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Julia Margaret Cameron: Influence and Intimacy

Exhibition: Julia Margaret Cameron – Influence and Intimacy

December 9, 2015

A new exhibition opened this September 2015 at the Science Museum in London, which showcases the work of one of the early pioneering photographers. Julia Margaret Cameron: Influence and Intimacy is open until the 28th of March 2016, allowing plenty of time for photographers to take a look at this display of her life’s work.

An influential photographer

It is 200 years since Cameron was born, and although she did not pick up a camera until the age of 48, she would go on to be a leading photographer of the time. She captured the Victorian age on film, creating bold portraits that still have a strong power. Her work is also of particular interest because of the fact that she would photograph friends and family – including well known figures such as Alfred Tennyson and William Holman Hunt. She moved within the circles of famous artists and captured them with her lens, along with moving images which paint the story of the time in which she lived.
Her style is distinctive: her portraits often contain a soft focus and a tight crop to the face of her subject. Whether her subjects were friends, family members, or celebrities of the time, she would try to capture their personality, avoiding any particular focus on background or styling. She also created photographic illustrations which drew on myths and historical scenes to present a particular character. She would imitate the style of oil paintings in these photographs, which regularly featured the same models in multiple guises.

Influence and Intimacy

The exhibition contains 94 images, all of which were taken from the Herschel Album. Put together by the artist as a gift for her mentor Sir John Herschel, this album was considered by Cameron herself to contain her very best work. The images now reside within the National Photography Collection, and have been gathered together in simple black frames with white mounts for an exhibition that allows the photographs to speak for themselves. You will see portraits including those of a few better known names, as well as her famous image entitled “Iago” (above) which is often used as a reference point for her work.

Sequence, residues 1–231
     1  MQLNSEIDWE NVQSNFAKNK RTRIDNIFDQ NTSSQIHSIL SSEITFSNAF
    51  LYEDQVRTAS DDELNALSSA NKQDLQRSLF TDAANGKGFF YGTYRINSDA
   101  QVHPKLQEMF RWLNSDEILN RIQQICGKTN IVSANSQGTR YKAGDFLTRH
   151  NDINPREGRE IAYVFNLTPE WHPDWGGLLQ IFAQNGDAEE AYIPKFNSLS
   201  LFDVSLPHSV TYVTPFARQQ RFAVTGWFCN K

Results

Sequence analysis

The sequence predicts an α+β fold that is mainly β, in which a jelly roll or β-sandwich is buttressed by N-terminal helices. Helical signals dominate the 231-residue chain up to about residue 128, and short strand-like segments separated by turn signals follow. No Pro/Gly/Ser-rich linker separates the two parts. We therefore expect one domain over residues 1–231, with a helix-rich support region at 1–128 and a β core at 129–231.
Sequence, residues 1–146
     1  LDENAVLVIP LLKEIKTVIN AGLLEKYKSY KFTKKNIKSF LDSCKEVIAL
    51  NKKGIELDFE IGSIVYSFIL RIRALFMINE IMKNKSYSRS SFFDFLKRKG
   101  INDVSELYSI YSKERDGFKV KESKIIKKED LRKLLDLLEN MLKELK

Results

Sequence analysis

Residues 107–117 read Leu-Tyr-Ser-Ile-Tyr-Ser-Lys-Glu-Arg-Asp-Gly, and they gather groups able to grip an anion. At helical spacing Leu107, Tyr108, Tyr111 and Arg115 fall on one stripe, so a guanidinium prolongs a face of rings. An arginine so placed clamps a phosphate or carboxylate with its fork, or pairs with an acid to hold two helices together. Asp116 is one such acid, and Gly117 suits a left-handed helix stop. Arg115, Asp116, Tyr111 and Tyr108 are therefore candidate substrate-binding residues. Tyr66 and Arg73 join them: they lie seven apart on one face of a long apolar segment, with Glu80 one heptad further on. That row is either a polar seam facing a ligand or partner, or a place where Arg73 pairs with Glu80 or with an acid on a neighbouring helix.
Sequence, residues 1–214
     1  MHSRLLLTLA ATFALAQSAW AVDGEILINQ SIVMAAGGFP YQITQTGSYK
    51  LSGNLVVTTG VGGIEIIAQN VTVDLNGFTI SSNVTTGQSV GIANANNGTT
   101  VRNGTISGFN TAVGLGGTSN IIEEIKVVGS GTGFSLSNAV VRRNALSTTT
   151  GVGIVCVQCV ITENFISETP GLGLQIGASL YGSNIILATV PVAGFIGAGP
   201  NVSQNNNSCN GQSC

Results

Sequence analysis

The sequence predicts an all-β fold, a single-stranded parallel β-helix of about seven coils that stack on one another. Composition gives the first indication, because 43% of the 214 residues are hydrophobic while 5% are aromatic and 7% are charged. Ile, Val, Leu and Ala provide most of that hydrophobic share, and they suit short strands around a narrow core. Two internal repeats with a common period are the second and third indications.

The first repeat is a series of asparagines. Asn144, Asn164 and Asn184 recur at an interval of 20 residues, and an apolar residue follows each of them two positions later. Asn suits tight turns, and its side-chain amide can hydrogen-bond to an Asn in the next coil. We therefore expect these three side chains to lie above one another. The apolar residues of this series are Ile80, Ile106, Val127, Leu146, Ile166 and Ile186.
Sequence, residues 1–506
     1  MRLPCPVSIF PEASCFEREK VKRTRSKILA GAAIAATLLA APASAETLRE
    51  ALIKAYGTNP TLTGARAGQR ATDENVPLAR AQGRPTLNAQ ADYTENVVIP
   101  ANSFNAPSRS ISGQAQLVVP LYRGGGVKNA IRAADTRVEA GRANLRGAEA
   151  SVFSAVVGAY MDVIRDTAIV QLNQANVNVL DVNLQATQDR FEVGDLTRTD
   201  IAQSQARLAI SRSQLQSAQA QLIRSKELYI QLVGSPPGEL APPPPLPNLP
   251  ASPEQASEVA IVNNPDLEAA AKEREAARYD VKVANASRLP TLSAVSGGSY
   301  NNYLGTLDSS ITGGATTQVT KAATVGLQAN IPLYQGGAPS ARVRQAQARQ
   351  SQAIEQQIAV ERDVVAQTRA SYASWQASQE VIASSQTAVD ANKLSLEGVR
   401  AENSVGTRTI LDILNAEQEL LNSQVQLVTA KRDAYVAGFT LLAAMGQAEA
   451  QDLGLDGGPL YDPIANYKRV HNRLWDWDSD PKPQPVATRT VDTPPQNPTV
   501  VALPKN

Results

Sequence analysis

Also on display at the exhibition are some items of interest. These include her camera lens, which is the only piece of her photography kit to have survived to date. There are also handwritten notes from her autobiography, as well as a few late photographs which were taken in Sri Lanka and which are a rarity amongst her work.

Getting there

The Virgin Media Studio at the Science Museum has been transformed into a space dedicated to Cameron, and will remain so until late next March. The exhibition is described as being suitable for those aged 12 and up, and entry is free for everyone. You will find it on the second floor of the museum. It is open from 10am to 6pm daily, with last admissions at 5.15pm; it is suggested that it should take around 45 minutes to browse the collection, although those who are interested in examining each piece carefully may take longer.
Entry to the museum itself is also free, and visitors to London will be able to travel to the South Kensington tube station for easy access. It is also located next to the Natural History Museum where exhibitions such as the Wildlife Photographer of the Year Award will coincide for part of the Cameron exhibition run.

Next On

If you are a fan of Cameron’s work, you will see plenty of exhibitions over the coming months to celebrate her bicentenary. Another opportunity will come to the Victoria & Albert Museum, also in London, from the 28th November 2015. This exhibition is free to attend and will contain more than 100 photographs by the artist.


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